|/ D\|/      4. Square              00111100    60
+----*       5. Parallelogram       11101000   -24
|\ B/        6. Small triangle      00000011     3
|A\/         7. Parallogr reversed  00101011    43
| /          Note: reversed parallelogram is checked/drawn at recursion depth n=5
|/           with a special check, but the coordinates are encoded as m=7.  

Once it is established that a shape will fit, it must be drawn. If it is a triangle it is plotted with PLOT 85, if it is a parallelogram, the number is 32 higher (note that for PLOT purposes we consider a square a special parallelogram). In either case 3 consecutive vertices must be given. The second vertex is the origin of the shape (marked * in the above table) except in the case of the large triangle, where (prior to rotation) it is -1,-1. The other 2 vertices can have x and y coordinates of -1,0 or 1 which are extracted from base 3 encoded numbers, then scaled by 99 and rotated as necessary by transformation with c and s.

Ungolfed code

  t=PI/8                                          :REM Constant 22.5 degrees.
  q=FNa(1)                                        :REM Call function, return dummy value to q
  END                                             :REM End the program gracefully if no solution. Absent in golfed version.

  DEFFNa(n)                                       :REM Recursive function to place shapes.
  IFn=7END                                        :REM If n=7 solution found, end program.
  LOCALk,z,j,p,i,c,s,x,y,m,u,v                    :REM declare local variables for function.
  k=ASCMID$("??O|(C",n)-64                        :REM Bitmasks for big tri, big tri, med tri, sq, normal paralellogram, small tri.
  FORz=0TO99                                      :REM For each point on the grid
    u=z MOD10*100:v=z DIV10*100                   :REM calculate its x and y coordinates relative to bottom left of screen
    ORIGINu,v                                     :REM and set the origin to this point.
    FORj=0TO12STEP4                               :REM For each rotation 0,90,180,270deg
      p=0                                         :REM assume no non-black pixels found
      FORi=j+3TOj+9STEP2                          :REM test angles of 3,5,7,9 times 22.5 deg anticlockwise from right x axis.
        c=9*COS(i*t)                             :REM Coords of test points at radius ll
        p*=4                                      :REM Leftshift any existing data in p
        p-=(POINT(c,s)<>0)*2+(POINT(9*c,9*s)<>0)  :REM and check pixels at radius 11 and 99.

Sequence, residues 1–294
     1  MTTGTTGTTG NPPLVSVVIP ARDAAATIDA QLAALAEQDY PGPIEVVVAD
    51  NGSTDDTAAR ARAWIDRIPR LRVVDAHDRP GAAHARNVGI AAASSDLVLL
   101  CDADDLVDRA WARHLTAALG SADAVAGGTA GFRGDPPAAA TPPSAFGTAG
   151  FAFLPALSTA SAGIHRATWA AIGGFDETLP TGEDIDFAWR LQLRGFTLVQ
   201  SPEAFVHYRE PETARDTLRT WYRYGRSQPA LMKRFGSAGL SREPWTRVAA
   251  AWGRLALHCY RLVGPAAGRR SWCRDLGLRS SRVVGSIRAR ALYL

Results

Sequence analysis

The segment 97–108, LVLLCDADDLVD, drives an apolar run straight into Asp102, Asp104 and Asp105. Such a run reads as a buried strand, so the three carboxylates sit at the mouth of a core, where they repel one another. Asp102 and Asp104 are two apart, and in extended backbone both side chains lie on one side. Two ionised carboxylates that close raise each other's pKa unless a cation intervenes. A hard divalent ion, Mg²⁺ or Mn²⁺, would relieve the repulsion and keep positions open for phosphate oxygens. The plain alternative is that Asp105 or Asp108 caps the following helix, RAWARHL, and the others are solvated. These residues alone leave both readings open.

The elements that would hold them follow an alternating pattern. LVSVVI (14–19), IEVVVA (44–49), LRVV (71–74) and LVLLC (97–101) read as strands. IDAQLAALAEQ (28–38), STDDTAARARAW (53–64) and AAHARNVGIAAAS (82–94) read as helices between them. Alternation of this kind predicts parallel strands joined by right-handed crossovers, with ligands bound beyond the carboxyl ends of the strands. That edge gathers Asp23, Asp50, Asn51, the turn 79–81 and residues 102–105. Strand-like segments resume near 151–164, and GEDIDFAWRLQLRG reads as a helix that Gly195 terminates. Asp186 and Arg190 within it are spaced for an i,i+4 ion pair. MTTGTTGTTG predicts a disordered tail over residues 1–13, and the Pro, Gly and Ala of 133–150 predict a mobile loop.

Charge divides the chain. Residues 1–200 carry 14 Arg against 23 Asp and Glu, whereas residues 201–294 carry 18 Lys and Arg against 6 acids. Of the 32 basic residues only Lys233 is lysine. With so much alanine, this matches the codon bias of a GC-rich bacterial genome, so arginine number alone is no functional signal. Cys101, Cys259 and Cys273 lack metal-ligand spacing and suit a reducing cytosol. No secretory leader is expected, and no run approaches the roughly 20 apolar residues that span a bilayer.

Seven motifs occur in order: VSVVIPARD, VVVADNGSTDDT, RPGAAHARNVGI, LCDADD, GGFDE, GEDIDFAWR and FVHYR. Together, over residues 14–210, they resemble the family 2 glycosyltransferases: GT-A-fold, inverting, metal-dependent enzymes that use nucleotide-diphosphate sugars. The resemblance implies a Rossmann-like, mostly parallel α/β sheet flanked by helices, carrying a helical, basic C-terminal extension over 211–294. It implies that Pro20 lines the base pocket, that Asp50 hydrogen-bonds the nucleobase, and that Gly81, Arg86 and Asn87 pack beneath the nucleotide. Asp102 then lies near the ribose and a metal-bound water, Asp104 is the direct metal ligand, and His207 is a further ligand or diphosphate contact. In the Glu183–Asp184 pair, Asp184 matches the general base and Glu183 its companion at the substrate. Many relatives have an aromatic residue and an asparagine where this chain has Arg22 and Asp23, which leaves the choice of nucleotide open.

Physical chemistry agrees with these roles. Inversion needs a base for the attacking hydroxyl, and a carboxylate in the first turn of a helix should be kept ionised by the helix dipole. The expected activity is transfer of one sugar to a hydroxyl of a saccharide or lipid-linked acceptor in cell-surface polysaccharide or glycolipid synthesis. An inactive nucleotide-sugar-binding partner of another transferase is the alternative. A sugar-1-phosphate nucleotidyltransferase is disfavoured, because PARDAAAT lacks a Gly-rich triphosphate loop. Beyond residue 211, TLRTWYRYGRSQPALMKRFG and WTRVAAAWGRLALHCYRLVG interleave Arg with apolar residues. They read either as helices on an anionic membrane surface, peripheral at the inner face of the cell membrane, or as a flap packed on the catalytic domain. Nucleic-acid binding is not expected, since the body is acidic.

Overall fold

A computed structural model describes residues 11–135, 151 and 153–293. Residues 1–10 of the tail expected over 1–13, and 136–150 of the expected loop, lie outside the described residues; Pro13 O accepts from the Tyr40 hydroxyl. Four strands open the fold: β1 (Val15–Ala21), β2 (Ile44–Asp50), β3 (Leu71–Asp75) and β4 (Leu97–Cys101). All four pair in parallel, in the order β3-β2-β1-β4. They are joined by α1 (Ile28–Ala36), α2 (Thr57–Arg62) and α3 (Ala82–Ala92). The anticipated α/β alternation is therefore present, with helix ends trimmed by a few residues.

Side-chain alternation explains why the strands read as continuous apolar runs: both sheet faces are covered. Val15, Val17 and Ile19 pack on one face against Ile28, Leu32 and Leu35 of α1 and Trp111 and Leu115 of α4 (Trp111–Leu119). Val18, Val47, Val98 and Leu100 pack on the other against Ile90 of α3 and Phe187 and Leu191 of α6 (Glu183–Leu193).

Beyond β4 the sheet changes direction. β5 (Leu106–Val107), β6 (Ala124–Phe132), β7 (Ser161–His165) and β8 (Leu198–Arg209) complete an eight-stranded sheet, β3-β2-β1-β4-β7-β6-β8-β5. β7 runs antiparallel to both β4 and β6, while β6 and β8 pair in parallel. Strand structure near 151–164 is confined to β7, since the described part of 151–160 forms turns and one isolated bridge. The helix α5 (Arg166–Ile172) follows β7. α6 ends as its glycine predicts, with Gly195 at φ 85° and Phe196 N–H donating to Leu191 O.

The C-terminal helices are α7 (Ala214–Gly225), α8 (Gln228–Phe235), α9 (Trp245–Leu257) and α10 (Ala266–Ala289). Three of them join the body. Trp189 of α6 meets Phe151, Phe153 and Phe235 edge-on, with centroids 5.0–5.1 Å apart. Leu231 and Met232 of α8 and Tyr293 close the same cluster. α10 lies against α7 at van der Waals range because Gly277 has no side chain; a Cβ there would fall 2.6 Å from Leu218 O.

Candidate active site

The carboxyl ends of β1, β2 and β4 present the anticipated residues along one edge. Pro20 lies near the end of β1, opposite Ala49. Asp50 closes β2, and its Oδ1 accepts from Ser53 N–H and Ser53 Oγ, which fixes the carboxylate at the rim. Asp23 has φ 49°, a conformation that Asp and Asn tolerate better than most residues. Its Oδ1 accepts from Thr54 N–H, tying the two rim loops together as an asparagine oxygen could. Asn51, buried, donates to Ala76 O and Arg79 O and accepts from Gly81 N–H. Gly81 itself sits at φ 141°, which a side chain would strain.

m=n                                         :REM The index of the shape to plot normally corresponds with recursion depth n.
      IF n=5 AND (43ANDp)=0 p=0:m=7               :REM If n=5 check if a reverse parallelogram is possible (mask 43). If so, clear p and change m to 7.
      REM                                         :REM Check p against mask k, if the shape fits then...
      IF (k ANDp)=0 THEN
        FOR i=-1 TO 0                               :REM draw the shape in colour, and if deeper recursions prove unsuccesful, redraw it in black.
          GCOL0,-i*n                                :REM Colour is equal to n.
          c=99*COS(j*t)                             :REM Set parameters c and s for scaling by 99
          s=99*SIN(j*t)                             :REM and rotation by 0,90,180 or 270 as appropriate.
          x=-1                                      :REM For vertex 1, x=-1 always.
          y=402/3^m MOD3-1                          :REM Lookup y value for vertex 1.
          MOVEc*x-s*y,s*x+c*y                       :REM Use c and s to transform the vertex and move to it.
          x=n<3                                     :REM For vertex 2, coords are 0,0 except for large triangle where they are -1,-1
          y=x                                       :REM in BBC BASIC, TRUE=-1
          MOVEc*x-s*y,s*x+c*y                       :REM Use c and s to transform the vertex and move to it.
          x=2778/3^m MOD3-1                         :REM Lookup x and y value for vertex 3.
          y=5775/3^m MOD3-1                         :REM PLOT85 uses last 2 points + specified point to make triangle, PLOT85+32 makes paralelogram (or square.)
          PLOT85-32*(n MOD6>3),c*x-s*y,s*x+c*y      :REM Use c and s to transform the vertex and draw shape.
          IFi q=FNa(n+1):ORIGINu,v                  :REM If i=-1 recurse to next level. If it fails, reset the origin before replotting this level's shape in black.
  =0                                                :REM Dummy value to return from function


This is a montage of the solutions found by the program for the test cases. Use of 99 instead of 100 for golfing reasons leaves some small black gaps. As the shapes are redrawn during the searches, it can take a few seconds to run for some cases, and is quite fascinating to watch.

enter image description here

  • 4
    \$\begingroup\$ Wow, I'm impressed. Now I'd love to see a video of it in action! =) \$\endgroup\$
    – flawr
    Sep 25, 2016 at 23:27

Your Answer

By clicking “Post Your Answer”, you agree to our terms of service and acknowledge you have read our privacy policy.

Not the answer you're looking for? Browse other questions tagged or ask your own question.